“There is a governance gap!” This is one of the messages the United Nations Secretary General António Guterres delivered via a recorded message to around 6,300 participants at the Internet Governance Forum (IGF), the annual meeting that discusses topical internet policy issues, which took place in Kyoto, Japan from October 8 to 12, 2023. The Secretary General did little to elaborate what exactly this gap is or what it looks like beyond that statement. However, his message carried the implication that only the UN, as the true multilateral system, can help address such a governance gap.
There is nothing worse than adding a complex process to a complex system. And, frankly, that’s what multilateralism, in the form of the UN Global Digital Compact (GDC), would do to the internet. The GDC is the latest attempt to “fix” internet governance and address the perceived gap in the current multistakeholder governance model. The thesis of this narrative is premised on an old notion of “digital cooperation, or the attempt to enhance global collaboration in multiple forms in order to address the societal, ethical, legal and economic impact of digital technologies, seeking to maximize the benefits to societies;” and, for anyone who has been in the internet governance space long enough, this feels like the remake of a movie no one really wants to see again. Previous, formalized cooperation attempts have produced little, especially compared to informal ones which bring stakeholders together more organically.
The internet has always been, and will remain, a complex ecosystem. Thousands of networks around the world must interoperate with one another every day through a set of standards and protocols. Managing this complexity requires the participation and input of multiple, different actors, whose expertise is, by extension, indispensable to understanding and bridging existing gaps in internet governance. Most of the operations these actors engage in are not visible to the average user and are conducted according to a normative framework of rules and values that have been developed over years of internet management and operation. Understanding the policies, values and existing bodies underpinning that framework is fundamental to understanding what the internet is, why it should be protected, and how people’s ability to participate in its future evolution can be assured. The suggestion, therefore, that the challenges we face today in the internet can be addressed only by states – which is the premise of the GDC - should be alarming to all of us.
Decentralized, bottom-up arrangements like the Internet Governance Forum are a better fit for the complex system that makes up the internet. As a multistakeholder gathering of experts and interested actors, the IGF has successfully fostered and facilitated the development of the internet’s normative framework for eighteen years. Discussions at the IGF are usually grounded on the internet’s core values of openness and inclusion, while human rights considerations play a critical role in the way participants discuss various issues. Collaboration is not just encouraged, it ends up being a precondition for success. Building consensus-driven, normative standards has been a gradual but steady process, and that can result in criticism at the lack of “concrete” results from fora like the IGF. A lack of such concrete action should not be conflated, however, with a lack of impact. The IFG has indeed played a meaningful role in norms development around internet governance.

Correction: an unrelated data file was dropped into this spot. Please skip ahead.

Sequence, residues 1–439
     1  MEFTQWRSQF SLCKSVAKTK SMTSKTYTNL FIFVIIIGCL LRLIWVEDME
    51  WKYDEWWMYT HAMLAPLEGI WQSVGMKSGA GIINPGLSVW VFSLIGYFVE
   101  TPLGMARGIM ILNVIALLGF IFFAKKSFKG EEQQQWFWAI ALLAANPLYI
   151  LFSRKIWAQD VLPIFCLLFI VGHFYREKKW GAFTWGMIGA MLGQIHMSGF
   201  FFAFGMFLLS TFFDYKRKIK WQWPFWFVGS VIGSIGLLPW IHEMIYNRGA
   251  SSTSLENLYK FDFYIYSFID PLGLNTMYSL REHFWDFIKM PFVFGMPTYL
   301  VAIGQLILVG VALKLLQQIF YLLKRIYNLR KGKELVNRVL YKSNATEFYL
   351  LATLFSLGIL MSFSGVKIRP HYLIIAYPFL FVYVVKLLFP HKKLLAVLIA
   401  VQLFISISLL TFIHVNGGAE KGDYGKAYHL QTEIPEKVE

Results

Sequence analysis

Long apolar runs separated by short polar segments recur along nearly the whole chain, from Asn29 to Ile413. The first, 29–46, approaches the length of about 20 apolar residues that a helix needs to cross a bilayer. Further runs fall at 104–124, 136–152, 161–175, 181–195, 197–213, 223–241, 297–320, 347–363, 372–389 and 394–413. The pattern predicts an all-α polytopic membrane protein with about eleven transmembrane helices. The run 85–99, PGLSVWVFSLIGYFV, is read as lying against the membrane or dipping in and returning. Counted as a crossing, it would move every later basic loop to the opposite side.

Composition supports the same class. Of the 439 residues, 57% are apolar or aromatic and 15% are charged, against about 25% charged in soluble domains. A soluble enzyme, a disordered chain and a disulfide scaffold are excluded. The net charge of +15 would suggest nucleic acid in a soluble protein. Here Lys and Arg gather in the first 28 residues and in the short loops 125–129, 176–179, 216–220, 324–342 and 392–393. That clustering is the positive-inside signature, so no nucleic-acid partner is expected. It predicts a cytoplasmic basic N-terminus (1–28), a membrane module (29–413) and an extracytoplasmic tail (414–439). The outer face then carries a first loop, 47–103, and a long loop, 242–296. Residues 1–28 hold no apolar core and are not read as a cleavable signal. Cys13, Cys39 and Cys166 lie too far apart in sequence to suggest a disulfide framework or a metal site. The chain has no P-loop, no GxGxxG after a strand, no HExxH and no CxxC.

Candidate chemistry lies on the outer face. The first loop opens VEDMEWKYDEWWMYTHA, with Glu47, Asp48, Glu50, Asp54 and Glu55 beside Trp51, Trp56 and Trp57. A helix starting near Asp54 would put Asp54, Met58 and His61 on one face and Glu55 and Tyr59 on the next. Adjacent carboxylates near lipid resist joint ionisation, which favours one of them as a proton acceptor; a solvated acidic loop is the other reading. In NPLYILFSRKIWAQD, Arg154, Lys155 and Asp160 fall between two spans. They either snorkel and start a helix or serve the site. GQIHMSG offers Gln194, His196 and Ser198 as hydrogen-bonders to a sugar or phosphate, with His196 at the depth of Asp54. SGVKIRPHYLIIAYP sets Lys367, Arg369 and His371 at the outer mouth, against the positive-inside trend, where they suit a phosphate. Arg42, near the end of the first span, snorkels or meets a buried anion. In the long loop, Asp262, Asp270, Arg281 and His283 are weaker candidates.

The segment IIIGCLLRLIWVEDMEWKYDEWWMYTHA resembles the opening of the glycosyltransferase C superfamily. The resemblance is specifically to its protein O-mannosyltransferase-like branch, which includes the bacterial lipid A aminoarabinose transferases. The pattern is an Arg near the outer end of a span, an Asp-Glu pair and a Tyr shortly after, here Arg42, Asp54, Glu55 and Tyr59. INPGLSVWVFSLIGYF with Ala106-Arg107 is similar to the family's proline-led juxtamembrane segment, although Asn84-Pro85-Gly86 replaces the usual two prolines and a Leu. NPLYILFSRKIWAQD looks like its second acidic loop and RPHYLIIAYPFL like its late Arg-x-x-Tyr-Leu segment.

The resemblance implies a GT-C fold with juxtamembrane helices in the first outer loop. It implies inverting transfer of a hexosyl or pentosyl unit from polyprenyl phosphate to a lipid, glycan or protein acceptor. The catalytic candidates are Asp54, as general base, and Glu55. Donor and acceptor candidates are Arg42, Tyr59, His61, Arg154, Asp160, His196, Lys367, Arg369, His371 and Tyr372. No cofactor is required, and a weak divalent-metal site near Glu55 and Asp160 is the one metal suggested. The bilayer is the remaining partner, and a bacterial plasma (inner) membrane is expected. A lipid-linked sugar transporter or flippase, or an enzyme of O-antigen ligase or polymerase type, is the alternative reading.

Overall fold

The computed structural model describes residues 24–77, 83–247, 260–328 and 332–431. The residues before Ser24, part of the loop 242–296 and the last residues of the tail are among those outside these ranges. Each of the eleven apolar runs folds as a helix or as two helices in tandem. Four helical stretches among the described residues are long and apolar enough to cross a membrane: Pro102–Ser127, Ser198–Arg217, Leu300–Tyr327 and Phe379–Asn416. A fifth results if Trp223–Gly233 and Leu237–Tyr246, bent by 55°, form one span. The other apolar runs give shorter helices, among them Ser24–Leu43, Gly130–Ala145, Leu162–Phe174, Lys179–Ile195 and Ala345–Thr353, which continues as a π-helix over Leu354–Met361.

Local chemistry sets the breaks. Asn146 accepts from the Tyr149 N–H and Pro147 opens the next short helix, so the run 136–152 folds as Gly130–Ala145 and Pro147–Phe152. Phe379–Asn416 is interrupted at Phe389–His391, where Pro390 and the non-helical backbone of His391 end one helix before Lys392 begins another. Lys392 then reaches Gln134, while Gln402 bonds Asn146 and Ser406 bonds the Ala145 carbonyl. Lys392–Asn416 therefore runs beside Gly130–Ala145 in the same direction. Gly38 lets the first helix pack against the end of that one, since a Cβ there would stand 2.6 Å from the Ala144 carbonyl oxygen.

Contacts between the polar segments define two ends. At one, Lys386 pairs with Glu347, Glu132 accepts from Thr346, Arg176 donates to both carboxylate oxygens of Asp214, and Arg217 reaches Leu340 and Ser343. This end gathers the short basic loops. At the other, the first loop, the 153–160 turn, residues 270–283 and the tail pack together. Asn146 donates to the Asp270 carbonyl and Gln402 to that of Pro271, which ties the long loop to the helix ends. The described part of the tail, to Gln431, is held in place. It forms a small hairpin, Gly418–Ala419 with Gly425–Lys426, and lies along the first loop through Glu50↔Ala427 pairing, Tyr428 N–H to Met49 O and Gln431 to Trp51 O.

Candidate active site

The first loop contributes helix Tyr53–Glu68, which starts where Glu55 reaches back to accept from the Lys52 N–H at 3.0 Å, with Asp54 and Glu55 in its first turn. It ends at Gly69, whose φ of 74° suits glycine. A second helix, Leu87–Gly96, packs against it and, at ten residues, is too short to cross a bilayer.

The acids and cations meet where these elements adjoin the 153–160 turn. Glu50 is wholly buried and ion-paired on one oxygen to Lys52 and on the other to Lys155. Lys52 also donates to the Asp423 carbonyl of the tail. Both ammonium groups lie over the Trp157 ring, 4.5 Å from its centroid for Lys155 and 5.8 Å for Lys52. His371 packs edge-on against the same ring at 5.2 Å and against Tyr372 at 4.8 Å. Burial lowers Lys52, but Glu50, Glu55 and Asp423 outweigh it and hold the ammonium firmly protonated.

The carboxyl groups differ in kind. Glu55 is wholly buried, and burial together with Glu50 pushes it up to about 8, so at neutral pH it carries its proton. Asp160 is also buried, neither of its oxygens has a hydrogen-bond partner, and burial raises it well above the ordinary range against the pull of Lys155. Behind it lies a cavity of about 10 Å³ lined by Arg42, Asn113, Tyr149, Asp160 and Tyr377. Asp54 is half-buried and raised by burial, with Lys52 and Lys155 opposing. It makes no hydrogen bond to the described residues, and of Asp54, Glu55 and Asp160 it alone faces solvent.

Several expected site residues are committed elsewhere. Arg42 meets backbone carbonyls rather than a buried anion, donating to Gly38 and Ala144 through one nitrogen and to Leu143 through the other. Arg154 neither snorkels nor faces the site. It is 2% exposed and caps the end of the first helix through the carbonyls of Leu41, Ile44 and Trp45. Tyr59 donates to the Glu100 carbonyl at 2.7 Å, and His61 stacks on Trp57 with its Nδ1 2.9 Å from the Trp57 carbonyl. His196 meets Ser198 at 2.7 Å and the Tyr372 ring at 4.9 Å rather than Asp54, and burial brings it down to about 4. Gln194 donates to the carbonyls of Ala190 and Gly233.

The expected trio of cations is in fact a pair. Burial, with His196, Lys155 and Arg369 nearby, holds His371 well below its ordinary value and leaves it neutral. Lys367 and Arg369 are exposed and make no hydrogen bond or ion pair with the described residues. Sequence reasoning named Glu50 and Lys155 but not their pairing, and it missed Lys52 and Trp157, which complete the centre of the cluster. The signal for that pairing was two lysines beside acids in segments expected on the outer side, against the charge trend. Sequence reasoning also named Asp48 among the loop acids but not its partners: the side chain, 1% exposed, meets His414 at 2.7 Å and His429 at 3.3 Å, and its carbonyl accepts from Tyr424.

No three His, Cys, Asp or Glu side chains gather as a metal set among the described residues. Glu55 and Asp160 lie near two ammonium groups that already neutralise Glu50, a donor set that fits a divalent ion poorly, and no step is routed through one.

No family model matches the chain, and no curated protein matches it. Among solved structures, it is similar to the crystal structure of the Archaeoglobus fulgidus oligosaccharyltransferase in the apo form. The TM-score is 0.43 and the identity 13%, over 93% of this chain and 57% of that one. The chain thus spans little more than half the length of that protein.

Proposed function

Despite that, at this year’s IGF, there was a sense that the GDC could be a pivotal avenue for future internet governance mechanisms and move key decision-making into a space controlled by states rather than the current multistakeholder model which ensures the participation of a range of independent, informed, and invested stakeholders. To be sure, the UN cannot “take over” the internet; the internet’s architecture makes that impossible. The multilateral, states only GDC could, though, become a new normative force in the field of internet governance. If the GDC (and its connected forum–the Summit for the Future)—were to supplant the IGF as a key avenue for internet governance decisions, it would cut off the access of technical experts and interested non-governmental organizations to internet governance conversations. In creating a competing and possibly contradictory forum for internet governance discussions, it would further strain the limited resources of these interested and expert parties, and could offer no guarantees that it would actually add value to internet governance efforts. Moreover, it is imperative to remember that the IGF exists within the UN structure and, in that sense, is just as “legitimate” as the GDC.
The IGF manifests the hard-won fights of the internet community to have a seat at a technical, global, interconnected table. Unlike the GDC though, the IGF was not created out of a top down and obscure process; it is a creature born out of years of successful multistakeholder cooperation. There is no question that the IGF needs to be reimagined; but the GDC will end up undermining it, not updating it. Therefore, as the GDC process is about to kick in and negotiations are about to start behind the closed doors of the UN Headquarters in New York early next year, let’s not forget that the IGF, despite its limitations, has proven its capacity to further true, collaborative, multistakeholder approaches to governance. The GDC has, to date, proven only that it can distract from the longstanding, mature, and nuanced governance model the IGF continues to support and uphold.
Konstantinos Komaitis is a nonresident fellow with the Democracy + Tech Initiative of the Atlantic Council’s Digital Forensic Research Lab. He is also a veteran of developing and analyzing internet policy to ensure an open and global internet.